Inequality of weight status in urban Cuba: 2001-2010
Peng Nie; Lanlin Ding; Alfonso Sousa-Poza; Alina Alfonso Leon; Hong Xue; Peng Jia; Liang Wang; Youfa Wang
Background: Although understanding changes in the body weight distribution and trends in obesity inequality plays a key role in assessing the causes and persistence of obesity, limited research on this topic is available for Cuba. This study thus analyzed changes in body mass index (BMI) and waist circumference (WC) distributions and obesity inequality over a 9-year period among urban Cuban adults.
Methods: Once the application of Kolmogorov-Smirnov tests to data from the 2001 and 2010 National Survey on Risk Factors and Chronic Diseases identified a rightward shift in both the BMI and WC distributions over the 2001-2010 period, a Shapley technique decomposed the increase in obesity prevalence into a mean-growth effect and a (re)distributional component. A univariate assessment of obesity inequality was then derived by calculating both the Gini and generalized entropy (GE) measures. Lastly, a GE-based decomposition partitioned overall obesity inequality into within-group and between-group values.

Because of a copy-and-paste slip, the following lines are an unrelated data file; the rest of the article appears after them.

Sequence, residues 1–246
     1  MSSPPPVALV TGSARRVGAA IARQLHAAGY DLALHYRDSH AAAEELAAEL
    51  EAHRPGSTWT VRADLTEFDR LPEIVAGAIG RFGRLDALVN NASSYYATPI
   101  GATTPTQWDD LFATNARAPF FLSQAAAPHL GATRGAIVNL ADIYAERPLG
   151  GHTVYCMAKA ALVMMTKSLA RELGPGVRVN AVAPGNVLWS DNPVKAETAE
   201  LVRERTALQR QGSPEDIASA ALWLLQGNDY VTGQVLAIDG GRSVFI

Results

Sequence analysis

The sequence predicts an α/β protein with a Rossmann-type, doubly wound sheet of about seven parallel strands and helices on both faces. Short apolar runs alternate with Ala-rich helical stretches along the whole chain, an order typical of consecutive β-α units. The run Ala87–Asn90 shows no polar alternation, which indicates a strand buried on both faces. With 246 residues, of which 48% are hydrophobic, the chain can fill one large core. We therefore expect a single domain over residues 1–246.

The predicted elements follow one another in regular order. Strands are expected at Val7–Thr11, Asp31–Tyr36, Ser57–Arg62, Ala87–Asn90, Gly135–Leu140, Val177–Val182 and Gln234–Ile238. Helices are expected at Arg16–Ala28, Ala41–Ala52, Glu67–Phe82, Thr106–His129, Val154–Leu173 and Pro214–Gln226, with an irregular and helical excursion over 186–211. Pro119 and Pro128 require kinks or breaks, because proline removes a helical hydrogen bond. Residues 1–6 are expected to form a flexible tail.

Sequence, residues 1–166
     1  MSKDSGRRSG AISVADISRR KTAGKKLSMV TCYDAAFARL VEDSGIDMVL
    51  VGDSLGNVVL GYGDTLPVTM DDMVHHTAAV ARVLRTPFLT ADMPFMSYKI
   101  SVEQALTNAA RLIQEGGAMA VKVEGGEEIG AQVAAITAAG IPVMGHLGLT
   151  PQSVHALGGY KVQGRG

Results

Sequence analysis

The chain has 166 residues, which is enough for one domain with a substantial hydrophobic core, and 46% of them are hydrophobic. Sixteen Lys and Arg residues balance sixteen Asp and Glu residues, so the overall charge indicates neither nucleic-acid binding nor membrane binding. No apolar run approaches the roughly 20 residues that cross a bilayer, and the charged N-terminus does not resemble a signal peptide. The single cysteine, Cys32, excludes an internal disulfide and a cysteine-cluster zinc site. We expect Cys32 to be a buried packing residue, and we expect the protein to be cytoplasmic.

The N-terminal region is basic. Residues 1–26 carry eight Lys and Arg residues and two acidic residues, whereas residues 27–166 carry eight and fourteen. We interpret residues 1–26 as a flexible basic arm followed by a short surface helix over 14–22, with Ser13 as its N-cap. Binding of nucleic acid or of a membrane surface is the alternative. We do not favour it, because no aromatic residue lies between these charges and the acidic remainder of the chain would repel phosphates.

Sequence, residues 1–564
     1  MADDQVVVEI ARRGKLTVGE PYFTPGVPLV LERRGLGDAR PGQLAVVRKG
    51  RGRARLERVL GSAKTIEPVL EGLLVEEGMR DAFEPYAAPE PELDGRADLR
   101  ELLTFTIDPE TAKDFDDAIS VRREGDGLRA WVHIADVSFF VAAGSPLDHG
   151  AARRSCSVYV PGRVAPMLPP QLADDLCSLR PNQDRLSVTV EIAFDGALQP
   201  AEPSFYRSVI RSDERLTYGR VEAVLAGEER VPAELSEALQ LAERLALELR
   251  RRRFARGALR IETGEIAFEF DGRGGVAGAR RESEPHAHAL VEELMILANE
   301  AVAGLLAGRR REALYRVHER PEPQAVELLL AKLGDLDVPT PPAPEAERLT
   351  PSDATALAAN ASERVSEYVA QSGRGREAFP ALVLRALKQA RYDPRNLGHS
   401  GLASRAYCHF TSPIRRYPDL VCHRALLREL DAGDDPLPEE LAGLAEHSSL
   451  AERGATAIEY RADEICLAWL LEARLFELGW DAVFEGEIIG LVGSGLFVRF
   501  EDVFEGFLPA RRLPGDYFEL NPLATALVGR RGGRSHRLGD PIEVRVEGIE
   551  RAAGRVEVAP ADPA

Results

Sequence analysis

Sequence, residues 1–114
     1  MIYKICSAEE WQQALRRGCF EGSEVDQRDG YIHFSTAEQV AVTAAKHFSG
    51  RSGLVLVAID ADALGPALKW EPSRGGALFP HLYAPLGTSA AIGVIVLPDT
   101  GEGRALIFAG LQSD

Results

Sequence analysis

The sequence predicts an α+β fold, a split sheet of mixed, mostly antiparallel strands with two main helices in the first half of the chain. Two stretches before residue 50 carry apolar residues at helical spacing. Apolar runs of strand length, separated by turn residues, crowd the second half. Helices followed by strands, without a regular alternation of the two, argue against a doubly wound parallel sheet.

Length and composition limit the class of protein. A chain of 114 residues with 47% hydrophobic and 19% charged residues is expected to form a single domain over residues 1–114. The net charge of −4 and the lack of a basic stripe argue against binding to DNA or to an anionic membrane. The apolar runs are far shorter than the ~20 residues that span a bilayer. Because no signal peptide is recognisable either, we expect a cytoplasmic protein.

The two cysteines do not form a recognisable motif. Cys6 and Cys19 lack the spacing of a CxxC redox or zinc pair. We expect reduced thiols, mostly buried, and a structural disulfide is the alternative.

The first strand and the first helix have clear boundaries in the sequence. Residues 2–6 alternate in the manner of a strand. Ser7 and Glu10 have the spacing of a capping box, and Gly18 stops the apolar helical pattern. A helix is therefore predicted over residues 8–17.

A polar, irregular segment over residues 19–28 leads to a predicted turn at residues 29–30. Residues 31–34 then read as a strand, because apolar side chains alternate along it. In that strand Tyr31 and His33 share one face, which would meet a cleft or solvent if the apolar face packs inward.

Results: Despite some relatively pronounced left-skewing, both the BMI and WC distributions exhibited a clear rightward shift to which the increases in general and central obesity can be mostly attributed. According to the Gini coefficients, both general and central obesity inequality increased over the 2001-2010 period, from 0.105 [95% confidence interval (CI)=0.103–0.106] to 0.110 [95% CI=0.107–0.112] and from 0.083 [95% CI=0.082–0.084] to 0.085 [95% CI=0.084–0.087], respectively. The GE-based decomposition further revealed that both types of inequality were accounted for primarily by within-group inequality (93.3%/89.6% and 87.5%/84.8% in 2001/2010 for general/central obesity, respectively).
Conclusions: Obesity inequality in urban Cuba worsened over the 2001-2010 time period, with within-group inequality in overall obesity dominant over between-group inequality. In general, the results also imply that the rise in obesity inequality is immune to health-care system characteristics.
Keywords: Body mass index, Waist circumference, Obesity, Inequality, Decomposition, Urban Cuba